Next, I’m reading some sensitive values from environment variables.  You never want to hard-code sensitive values in your source code, or even in your config files!  See also:  The Twelve-Factor App:  III. Config.

;; Define the user/password/subname from ENV variables
(def user (System/getenv "EMR_HIVE_JDBC_USER"))
(def password (System/getenv "EMR_HIVE_JDBC_PASSWORD"))
(def subname (System/getenv "EMR_HIVE_JDBC_SUBNAME"))

When dealing with JDBC in other JVM languages I use a url.  Yet, Clojure JDBC seems to prefer using a subname instead.  It likely builds the url from all the parts you provide, including the subname.  The subname is a part of the url anyway.

Preconditions: Confirm the required values

I’m a fan of Betrand Meyer‘s concept of Preconditions.  I try to use them in most all languages I write code in.  Some languages have built-in support or 3rd-party libraries.  Though sometimes it’s better to hand-code them for simplicity’s sake. See also: Design by contract.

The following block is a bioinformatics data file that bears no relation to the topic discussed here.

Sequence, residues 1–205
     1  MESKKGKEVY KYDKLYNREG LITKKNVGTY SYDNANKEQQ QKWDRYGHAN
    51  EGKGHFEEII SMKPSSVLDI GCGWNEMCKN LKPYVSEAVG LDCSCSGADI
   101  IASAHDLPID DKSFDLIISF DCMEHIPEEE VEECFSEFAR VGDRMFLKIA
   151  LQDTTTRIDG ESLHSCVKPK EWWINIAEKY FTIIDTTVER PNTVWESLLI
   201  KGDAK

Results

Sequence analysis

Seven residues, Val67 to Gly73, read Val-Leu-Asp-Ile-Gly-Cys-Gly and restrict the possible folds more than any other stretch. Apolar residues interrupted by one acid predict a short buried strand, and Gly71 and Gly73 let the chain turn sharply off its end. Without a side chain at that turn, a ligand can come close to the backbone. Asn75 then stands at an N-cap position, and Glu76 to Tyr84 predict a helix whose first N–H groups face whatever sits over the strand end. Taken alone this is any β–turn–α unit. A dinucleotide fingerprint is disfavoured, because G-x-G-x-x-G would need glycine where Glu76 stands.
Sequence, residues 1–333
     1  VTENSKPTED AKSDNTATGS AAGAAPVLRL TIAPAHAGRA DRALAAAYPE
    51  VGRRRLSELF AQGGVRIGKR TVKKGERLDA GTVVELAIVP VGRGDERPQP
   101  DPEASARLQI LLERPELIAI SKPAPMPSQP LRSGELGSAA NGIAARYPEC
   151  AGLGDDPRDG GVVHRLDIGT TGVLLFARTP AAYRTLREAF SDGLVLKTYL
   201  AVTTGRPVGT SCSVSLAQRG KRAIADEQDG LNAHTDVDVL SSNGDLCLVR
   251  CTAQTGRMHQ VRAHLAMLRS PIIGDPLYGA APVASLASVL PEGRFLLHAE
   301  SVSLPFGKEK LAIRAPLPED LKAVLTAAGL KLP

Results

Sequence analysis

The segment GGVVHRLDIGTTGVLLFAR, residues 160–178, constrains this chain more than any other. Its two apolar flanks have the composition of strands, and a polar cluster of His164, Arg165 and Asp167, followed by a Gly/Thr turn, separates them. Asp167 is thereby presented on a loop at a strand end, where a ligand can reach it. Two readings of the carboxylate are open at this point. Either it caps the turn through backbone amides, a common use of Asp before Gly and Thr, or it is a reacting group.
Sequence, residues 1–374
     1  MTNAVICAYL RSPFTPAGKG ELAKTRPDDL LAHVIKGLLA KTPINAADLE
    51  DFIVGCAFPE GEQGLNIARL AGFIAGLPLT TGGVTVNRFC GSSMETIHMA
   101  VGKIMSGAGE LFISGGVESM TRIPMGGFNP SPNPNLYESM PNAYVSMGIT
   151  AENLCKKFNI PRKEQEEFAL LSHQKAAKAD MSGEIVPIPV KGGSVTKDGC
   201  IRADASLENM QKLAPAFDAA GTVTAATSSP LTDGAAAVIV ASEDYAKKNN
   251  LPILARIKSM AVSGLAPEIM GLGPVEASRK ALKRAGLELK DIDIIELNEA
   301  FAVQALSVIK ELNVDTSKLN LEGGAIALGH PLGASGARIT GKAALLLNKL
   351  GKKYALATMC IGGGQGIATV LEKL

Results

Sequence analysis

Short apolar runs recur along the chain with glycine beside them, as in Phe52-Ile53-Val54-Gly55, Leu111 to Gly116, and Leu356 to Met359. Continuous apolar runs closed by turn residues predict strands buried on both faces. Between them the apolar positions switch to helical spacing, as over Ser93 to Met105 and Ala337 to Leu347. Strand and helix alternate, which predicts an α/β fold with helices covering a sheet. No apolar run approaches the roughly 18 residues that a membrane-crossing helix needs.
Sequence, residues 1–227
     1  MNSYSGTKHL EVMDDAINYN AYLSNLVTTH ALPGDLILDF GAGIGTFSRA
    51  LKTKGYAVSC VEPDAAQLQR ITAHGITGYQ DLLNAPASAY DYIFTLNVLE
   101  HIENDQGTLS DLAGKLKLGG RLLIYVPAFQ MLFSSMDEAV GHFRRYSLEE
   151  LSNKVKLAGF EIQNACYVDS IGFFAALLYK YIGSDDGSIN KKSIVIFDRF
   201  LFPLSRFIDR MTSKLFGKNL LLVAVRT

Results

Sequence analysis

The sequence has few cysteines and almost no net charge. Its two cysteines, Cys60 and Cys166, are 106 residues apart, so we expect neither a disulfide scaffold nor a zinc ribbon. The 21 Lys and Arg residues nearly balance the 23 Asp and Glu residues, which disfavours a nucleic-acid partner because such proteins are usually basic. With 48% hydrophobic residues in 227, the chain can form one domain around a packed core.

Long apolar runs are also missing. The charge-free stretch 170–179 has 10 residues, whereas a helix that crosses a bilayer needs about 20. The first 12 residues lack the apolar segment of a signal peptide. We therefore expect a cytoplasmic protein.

;; Preconditions
(when (nil? user)
  (throw (RuntimeException. "user is nil")))
(when (nil? password)
  (throw (RuntimeException. "password is nil")))
(when (nil? subname)
  (throw (RuntimeException. "subname is nil")))

Since the code cannot continue without valid values for the user / password / subname it makes sense to raise errors if they are missing.  This way you can control the message that’s displayed to the end-user.

Define the connection specification

Defining the connection specification is pretty straightforward.  It’s only a Map.

;; Define the connection specification
(def hive-spec {:classname "com.amazon.hive.jdbc41.HS2Driver"
               :subprotocol "hive2"
               :subname subname
               :user user
               :password password})

I’m using the JDBC 4.1 HS2 driver with the hive2 subprotocol.

Define the SQL statement

This is pretty straightforward and simple too.  Though, I was  perplexed about why the Clojure JDBC query function requires the SQL statement in a Vector.  Why not use a String?

;; Define the SQL statement to execute
(def sql ["SELECT
               COUNT(*) AS row_count
           FROM
               my_table"]) ; TODO: Change to your desired SQL statement

The main entry-point

Here’s the main entry-point of this example, which does the following:

  1. Logs the SQL to execute
  2. Executes the SQL
  3. Returns the row_count value of the first row
;; The main entry-point